I was looking at some old files and came across this post I’d written on another site a couple of years ago. It still applies, so I thought I’d share it:

Media lessons learned from a water heater.
[August 22nd, 2003 07:14 AM]

So last Saturday I woke up at 5:30 am (didn’t have to wakeup until 9:00) to the sound of rushing water in my garage. I went outside to discover my water heater leaking and the rushing sound coming from the water trying to fill the leaking water heater. I turned off the water to the house and went back to bed (realizing that the home improvement store wouldn’t open for another few hours).

That morning I bought a water heater and proceeded to install it. These are the lessons I learned. I’ve put my experiences and the media lesson in parentheses, for your convenience.

1. There comes a time when a professional would have saved you time and money over doing it yourself (five trips to the store and $50 worth of solder, flux, pipe, elbows, couplings, and five days without hot water are a testimony to this; you should just hire a consultant).

2. Just because you do something right once, doesn’t mean you can always do it right (my first few solders were perfect, but three weren’t; one good Sunday does not a successful media ministry make).

3. Some things have to be 100% right, even 99% can be a catastrophe (1% leaking water, not so good; a word misspelled as a cuss word on screen also not good).

4. Just because a professional does it one way, doesn’t mean an amateur shouldn’t use another method (soldering worked well on some joints, but I discovered a copper adhesive that for $5 plugged my leaks; iMovie might work better for you than Final Cut Pro, even though professionals use the latter).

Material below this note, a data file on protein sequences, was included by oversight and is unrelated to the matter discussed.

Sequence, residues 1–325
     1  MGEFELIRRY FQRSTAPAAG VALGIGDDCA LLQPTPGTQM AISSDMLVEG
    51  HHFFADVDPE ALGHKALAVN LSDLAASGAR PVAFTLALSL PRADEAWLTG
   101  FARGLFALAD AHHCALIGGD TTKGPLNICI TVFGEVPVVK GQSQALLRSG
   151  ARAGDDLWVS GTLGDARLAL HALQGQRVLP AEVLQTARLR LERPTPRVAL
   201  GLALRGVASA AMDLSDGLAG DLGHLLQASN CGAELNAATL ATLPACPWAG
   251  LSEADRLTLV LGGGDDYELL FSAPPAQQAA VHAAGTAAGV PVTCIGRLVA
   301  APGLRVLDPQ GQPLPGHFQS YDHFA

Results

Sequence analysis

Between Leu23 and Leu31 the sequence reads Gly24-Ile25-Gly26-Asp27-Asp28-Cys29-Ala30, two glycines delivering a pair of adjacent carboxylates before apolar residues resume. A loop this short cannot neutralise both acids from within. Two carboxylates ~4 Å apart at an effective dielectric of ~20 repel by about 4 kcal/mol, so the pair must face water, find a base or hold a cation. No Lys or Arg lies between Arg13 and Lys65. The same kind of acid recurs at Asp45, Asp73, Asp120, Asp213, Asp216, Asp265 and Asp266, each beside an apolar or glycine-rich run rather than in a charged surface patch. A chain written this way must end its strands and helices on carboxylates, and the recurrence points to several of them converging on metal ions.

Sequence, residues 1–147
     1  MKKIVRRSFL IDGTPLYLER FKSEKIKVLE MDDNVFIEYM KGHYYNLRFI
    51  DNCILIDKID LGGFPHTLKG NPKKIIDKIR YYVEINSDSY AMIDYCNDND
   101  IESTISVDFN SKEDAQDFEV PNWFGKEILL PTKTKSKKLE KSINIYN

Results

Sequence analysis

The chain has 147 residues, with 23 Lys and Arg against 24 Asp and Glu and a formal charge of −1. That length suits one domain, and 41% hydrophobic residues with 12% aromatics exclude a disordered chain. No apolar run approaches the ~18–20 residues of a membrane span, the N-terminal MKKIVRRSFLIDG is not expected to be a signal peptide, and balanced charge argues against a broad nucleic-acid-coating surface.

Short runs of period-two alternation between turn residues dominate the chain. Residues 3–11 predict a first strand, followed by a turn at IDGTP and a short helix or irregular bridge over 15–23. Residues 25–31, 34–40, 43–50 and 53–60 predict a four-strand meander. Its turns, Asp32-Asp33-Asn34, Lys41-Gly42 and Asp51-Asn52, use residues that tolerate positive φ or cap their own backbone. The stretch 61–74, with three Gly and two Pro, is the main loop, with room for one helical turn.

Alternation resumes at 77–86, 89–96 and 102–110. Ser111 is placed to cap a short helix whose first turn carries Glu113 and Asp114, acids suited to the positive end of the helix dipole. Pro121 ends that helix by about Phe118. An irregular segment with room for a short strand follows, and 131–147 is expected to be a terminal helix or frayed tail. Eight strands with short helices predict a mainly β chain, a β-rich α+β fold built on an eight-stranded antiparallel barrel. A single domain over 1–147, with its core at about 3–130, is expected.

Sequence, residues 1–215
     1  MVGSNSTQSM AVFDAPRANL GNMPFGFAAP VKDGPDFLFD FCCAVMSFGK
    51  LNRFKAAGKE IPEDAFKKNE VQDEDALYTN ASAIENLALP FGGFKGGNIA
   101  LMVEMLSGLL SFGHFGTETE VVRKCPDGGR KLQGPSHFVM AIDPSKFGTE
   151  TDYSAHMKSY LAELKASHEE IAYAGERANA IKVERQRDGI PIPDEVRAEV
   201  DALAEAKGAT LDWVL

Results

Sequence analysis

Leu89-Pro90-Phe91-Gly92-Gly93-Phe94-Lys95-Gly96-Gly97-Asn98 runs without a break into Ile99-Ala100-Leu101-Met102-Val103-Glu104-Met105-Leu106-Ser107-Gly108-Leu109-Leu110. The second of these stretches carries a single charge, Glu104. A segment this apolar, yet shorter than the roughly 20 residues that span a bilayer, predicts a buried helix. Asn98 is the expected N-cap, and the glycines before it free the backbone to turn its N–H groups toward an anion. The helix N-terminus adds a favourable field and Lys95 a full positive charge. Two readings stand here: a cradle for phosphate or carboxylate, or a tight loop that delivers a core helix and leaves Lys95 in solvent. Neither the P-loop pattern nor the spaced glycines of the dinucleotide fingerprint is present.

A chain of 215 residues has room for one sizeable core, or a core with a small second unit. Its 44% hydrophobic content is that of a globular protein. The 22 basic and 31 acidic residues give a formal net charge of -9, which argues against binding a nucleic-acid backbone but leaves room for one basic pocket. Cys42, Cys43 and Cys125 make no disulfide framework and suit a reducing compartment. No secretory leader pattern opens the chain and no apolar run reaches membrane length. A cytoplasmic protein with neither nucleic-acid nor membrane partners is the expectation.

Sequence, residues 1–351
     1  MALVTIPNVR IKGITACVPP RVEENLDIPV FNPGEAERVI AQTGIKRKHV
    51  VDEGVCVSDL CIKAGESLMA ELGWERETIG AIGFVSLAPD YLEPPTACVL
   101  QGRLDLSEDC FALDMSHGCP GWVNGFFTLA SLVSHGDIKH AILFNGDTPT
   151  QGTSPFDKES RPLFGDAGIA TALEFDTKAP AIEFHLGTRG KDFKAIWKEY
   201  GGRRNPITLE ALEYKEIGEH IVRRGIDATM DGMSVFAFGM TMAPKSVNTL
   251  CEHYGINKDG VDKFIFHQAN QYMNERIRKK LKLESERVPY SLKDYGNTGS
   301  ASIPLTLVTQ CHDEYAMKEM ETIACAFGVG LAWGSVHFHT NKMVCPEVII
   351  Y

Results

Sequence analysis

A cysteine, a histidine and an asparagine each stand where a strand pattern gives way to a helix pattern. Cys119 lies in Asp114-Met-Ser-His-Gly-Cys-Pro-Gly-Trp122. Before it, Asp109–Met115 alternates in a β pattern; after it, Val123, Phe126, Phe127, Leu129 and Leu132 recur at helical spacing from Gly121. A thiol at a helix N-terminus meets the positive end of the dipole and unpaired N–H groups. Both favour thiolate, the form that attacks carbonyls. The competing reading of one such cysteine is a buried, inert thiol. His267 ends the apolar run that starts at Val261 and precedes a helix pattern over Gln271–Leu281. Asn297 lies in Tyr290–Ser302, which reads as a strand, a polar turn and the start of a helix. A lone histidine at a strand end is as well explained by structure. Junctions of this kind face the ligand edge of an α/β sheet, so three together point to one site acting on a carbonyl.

5. There’s always someone who doesn’t appreciate the positive aspects of your work (sure I saved $200 on installation, but my wife only will remember the five days w/o hot water; expect criticism even when the result is the same between amateur and professional work).

6. That first shower was the best I’ve taken in recent memory (nothing feels better than the fruits of your labor; seeing a video you made onscreen is well worth the negatives).

7. There’s always room for improvement (where my water heater is located, it is surrounded on three sides by walls and on the fourth by bad plumbing, I really need to fix that, too; videos are never done, you just run out of time.)

8. Problems come at the worse times, but if you know the system, you can avert catastrophe (I’m glad I found the shut-off valve Sat. morning; know how to bail to black at a moments notice).

9. Theoretically possible and actually possible don’t always come together (I knew that I could theatrically change out the water heater in just a few hours. Actually it took all of my free time for 5 days; theoretically, I can do “bullet time”, but I’d hate to base a project on a special effect I’d never tried.)

I hope this helps.

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